Are 40 Years of Occupation Enough?
By Marcia Freedman, President

Israel celebrated the 59th anniversary of its founding just recently. On June 5 we mark 40 years of occupation of Arab lands captured in the 1967 war. That is, for two-thirds of its 59 years of its existence as a sovereign state, Israel has been an occupying power.

Though Israel returned the Sinai Peninsula in exchange for the 1979 peace treaty with Egypt, it still occupies East Jerusalem, the West Bank, the Gaza Strip and the Golan Heights. In Gaza, even without settlements, Israel continues to control all movement in and out of the Strip and is legally the occupying power. In all the other territories, Israel has built neighborhoods, large and ever-expanding settlements and at least one entire city (Ariel, some 10 miles inside the West Bank).

Two of Israel's three post-state generations have grown up with the fact of occupation as a norm, serving in an army of occupation, visiting friends and families living in settlements, and slowly erasing the Green Line, the pre-1967 border, from consciousness. Traveling through Israel today, it is impossible to know where Israel-proper ends and where occupied territory begins.

Yet, for all that, a growing consensus has taken hold that an end of conflict can be achieved only through a land-for-peace formula culminating in the establishment of a Palestinian State alongside Israel; the great majority of Israelis are prepared to withdraw from most of the West Bank, East Jerusalem, and the Golan Heights in return for an enduring peace.

Since 1967, the Israeli leadership has been caught between these polar opposites, listing for decades between support for the settler movement, even as the politicians profess to seek peace. The resulting paralysis has made it easy for the very determined settler movement to expand its hold, not only over territory but also over the government's bureaucracies, which now routinely feed the movement's endless appetite for more land, more infrastructure, more housing, more subsidies.

And so, while it is true that Israel's neighbors have not always been willing to negotiate, even when they have been, they have not been met -- contrary to conventional wisdom -- with similar willingness on the Israeli side.

This was certainly true in 1972 when the Egyptians put forth a land-for-peace option, and Golda Meir's government rejected it, leading to the 1973 Yom Kippur War. It was true again in 2000, when Ehud Barak broke off negotiations with Syria over a few disputed miles of the Sea of Galilee's shoreline, and again later that same year, when the Israeli-Palestinian Camp David negotiations broke down -- not, as we've been told, because of Palestinian refusal to accept a "generous offer," but as a result of intransigence on both sides. Within months, the Second Intifada had begun.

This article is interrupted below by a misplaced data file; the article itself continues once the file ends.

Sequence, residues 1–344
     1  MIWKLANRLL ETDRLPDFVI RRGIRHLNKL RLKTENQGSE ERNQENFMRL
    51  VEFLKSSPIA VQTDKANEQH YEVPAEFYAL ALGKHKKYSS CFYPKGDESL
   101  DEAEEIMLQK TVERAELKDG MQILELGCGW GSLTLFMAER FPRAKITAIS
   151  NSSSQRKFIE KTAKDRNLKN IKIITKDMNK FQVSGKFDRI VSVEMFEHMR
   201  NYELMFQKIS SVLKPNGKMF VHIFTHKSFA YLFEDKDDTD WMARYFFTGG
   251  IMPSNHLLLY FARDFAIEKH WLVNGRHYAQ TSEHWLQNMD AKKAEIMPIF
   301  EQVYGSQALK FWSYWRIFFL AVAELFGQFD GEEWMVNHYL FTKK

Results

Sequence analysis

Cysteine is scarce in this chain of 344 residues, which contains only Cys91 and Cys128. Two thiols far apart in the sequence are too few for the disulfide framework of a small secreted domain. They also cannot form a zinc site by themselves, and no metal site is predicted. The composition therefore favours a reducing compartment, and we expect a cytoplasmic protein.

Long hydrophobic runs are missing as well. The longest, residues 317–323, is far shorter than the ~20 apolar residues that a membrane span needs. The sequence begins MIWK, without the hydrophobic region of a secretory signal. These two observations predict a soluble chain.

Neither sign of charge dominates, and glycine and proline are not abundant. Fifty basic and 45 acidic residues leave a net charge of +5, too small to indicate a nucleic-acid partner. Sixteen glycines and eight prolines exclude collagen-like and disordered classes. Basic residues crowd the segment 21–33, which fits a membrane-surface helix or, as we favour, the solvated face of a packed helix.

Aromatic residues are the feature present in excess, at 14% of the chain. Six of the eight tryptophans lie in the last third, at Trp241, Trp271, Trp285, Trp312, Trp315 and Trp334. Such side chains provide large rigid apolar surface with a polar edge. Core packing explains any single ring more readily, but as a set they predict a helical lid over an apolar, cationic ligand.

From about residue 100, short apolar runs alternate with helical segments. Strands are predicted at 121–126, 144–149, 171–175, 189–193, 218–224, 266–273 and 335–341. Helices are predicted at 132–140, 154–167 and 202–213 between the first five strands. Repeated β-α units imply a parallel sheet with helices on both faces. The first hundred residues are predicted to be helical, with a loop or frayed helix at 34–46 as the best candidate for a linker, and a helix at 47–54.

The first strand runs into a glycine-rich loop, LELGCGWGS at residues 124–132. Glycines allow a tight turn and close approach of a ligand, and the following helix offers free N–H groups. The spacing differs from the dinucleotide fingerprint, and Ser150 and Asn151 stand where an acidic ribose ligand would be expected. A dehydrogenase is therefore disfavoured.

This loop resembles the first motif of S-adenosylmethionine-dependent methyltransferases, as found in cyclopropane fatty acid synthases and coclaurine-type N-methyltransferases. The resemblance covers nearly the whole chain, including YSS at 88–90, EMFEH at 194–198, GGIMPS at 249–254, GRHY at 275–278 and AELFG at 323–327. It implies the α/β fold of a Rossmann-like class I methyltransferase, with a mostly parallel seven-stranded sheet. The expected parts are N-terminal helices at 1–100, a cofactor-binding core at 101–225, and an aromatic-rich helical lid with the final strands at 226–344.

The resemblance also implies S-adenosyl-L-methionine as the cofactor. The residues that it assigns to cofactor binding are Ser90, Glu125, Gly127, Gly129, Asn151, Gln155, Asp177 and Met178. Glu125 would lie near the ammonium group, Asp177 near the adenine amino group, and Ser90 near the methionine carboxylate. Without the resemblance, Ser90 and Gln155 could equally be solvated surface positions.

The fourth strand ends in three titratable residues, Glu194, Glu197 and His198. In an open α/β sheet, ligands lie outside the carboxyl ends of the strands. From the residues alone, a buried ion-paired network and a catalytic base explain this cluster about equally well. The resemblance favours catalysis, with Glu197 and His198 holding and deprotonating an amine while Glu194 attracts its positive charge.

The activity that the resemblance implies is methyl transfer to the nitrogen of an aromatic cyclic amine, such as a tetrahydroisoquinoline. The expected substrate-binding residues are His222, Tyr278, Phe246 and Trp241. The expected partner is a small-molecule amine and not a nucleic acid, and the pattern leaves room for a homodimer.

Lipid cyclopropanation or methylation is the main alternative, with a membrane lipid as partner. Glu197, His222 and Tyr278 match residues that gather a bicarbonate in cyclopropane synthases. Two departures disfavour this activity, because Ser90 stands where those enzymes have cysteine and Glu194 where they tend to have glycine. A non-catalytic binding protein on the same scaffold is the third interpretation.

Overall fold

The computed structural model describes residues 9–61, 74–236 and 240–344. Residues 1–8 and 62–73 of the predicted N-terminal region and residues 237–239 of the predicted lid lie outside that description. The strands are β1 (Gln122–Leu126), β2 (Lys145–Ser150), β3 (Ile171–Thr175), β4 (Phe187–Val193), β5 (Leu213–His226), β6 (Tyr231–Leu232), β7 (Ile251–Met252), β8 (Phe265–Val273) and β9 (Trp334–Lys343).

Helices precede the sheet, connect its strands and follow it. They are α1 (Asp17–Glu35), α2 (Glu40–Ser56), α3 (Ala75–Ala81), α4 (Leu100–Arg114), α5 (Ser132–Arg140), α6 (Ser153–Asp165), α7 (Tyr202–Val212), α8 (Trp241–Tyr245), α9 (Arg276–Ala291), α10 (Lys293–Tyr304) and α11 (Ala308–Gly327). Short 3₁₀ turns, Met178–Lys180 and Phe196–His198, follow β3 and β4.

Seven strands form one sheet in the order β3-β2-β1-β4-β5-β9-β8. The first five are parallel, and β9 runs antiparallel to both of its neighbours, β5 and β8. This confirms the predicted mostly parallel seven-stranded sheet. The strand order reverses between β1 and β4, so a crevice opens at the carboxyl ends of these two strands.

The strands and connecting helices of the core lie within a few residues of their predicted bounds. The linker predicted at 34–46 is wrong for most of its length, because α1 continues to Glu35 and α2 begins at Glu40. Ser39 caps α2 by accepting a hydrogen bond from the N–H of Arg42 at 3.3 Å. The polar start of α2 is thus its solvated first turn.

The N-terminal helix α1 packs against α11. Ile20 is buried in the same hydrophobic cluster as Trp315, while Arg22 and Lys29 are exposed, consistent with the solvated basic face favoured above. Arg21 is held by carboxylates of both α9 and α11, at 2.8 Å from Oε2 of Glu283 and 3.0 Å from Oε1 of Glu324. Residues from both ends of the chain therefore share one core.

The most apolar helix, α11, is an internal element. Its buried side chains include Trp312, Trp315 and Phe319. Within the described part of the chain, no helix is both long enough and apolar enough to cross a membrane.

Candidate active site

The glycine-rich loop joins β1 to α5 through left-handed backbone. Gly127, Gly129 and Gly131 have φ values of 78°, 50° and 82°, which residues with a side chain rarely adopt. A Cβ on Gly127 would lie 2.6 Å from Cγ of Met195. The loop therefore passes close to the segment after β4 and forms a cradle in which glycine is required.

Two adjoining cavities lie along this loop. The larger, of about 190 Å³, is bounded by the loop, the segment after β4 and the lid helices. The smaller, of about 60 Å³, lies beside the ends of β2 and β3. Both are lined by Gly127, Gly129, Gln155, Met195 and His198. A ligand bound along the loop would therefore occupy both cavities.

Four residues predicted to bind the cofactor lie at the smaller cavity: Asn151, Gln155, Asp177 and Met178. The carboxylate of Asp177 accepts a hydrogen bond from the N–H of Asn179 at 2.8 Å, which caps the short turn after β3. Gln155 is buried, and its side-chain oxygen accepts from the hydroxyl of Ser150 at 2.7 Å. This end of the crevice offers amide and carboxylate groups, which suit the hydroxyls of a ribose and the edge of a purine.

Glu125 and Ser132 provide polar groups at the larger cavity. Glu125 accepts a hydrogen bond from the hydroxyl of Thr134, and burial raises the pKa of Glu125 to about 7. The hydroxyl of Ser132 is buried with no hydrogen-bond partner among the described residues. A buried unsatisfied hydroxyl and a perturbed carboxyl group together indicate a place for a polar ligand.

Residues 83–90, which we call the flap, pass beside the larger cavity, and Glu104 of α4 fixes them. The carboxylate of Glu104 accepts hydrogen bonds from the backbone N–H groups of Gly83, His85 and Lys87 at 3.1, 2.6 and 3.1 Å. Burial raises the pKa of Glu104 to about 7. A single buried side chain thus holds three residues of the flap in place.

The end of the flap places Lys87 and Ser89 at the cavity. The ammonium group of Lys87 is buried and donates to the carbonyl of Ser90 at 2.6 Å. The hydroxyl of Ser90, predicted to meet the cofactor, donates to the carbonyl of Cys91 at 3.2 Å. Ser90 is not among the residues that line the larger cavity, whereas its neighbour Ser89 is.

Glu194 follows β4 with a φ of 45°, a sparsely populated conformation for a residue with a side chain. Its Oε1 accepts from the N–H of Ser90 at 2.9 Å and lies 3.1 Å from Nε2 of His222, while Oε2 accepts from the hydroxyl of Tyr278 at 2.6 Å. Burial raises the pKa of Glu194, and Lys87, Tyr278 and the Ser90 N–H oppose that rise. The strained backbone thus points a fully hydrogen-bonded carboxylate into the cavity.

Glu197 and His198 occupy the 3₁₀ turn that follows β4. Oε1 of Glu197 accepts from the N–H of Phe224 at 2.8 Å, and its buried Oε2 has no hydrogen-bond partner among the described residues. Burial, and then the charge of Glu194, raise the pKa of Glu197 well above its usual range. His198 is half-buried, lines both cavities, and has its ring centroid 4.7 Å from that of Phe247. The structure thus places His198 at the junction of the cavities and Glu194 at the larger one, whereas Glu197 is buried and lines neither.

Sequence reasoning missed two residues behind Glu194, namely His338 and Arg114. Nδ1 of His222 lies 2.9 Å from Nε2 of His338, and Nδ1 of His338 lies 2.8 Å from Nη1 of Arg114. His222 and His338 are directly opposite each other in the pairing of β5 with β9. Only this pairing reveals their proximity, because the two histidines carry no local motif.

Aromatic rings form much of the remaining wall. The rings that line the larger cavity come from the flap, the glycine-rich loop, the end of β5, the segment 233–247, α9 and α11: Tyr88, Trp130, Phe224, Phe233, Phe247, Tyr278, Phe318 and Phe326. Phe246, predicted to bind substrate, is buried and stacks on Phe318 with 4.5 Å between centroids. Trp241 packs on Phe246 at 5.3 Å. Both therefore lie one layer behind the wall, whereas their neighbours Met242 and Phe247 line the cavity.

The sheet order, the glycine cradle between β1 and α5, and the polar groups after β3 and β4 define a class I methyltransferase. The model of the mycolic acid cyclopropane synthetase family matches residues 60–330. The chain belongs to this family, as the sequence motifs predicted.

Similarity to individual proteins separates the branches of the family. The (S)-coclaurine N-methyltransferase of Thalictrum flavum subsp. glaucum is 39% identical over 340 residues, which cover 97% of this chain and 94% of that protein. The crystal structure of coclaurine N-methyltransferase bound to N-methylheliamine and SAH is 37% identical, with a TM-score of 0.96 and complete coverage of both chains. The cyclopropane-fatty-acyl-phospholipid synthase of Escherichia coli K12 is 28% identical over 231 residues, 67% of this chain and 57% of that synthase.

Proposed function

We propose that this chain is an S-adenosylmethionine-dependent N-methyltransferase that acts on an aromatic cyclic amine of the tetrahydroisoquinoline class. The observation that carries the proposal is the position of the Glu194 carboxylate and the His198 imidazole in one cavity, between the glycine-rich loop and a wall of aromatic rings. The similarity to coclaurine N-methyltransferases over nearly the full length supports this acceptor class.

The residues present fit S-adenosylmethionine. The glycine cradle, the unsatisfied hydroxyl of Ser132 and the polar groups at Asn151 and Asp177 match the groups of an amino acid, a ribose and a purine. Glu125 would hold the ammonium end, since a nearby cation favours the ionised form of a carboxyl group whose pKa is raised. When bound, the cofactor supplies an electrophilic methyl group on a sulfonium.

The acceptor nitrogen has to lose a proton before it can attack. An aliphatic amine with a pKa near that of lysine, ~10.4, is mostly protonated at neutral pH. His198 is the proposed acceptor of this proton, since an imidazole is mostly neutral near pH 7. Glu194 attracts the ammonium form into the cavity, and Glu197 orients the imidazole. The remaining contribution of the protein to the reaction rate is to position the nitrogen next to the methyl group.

This aversion to negotiation continued to hold sway in 2004 and 2005, when Ariel Sharon refused to recognize the opportunity presented by Yasser Arafat's death, and subsequent rise to leadership of the moderate leader Mahmoud Abbas; a bloody escalation of violence ensued, Hamas was elected to head the Palestinian Authority, and Israel's south now faces regular rocket attacks. Today, Ehud Olmert refuses to respond positively to clear and open overtures by Syria and the Arab League, and experts ponder the likelihood of another war with Syria. Active maintenance of the settlement enterprise continues to trump the pursuit of peace.

One major casualty of 40 years of occupation has been the decades-long weakening of Israel's political, military and moral fabric. Last summer's Lebanon War, and Israel's failure either to win or to defend the home front shredded what remained of the public's confidence in its leaders, political, military and moral. The interim report of the Winograd Commission's investigation into the conduct of the war has confirmed, loudly and publicly, that Israel's security has been seriously compromised, that its leadership has failed the country badly, and that none of this can be easily fixed.

But there is one significant change in the political mood as a result of all these grim tidings: The Second Lebanese War finally raised questions in the public's mind about whether Israel can, in fact, rely solely on military might to guarantee its security. There is a sense of vulnerability that never existed before, which may create a more welcoming attitude to the possibility of a negotiated resolution -- though such a prospect most definitely would require the kind of willingness for serious territorial compromise that Israel's leadership has chronically lacked. Ironically, a somewhat weaker Israel from the military point of view may mean a stronger Israel as a negotiating partner.

Is Israel ready for peace? Certainly its people are, and have been for quite a long time. Can Israel's political leadership find the courage, the foresight, the vision to move in that direction? One can only hope so. Israel's friends do it no favors by encouraging further intransigence and missed opportunities for
a negotiated solution to decades of conflict.

Time is not on Israel's side. The settler population grows, and the settlements and new neighborhoods take up more and more Palestinian land. So, too, does the Palestinian population grow, and thus the space for compromise shrinks from one year to the next.  There are many who think that it is already too late for a viable two-state solution; that is not yet the case, but the fact is that the danger grows with each passing year of occupation and settlement expansion.

So, as we celebrate Israel's independence, let us also wish it
a speedy end to the occupation.

Marcia Freedman, a former Knesset member, is founding President of Brit Tzedek v'Shalom.

Brit Tzedek v'Shalom, The Jewish Alliance for Justice and Peace
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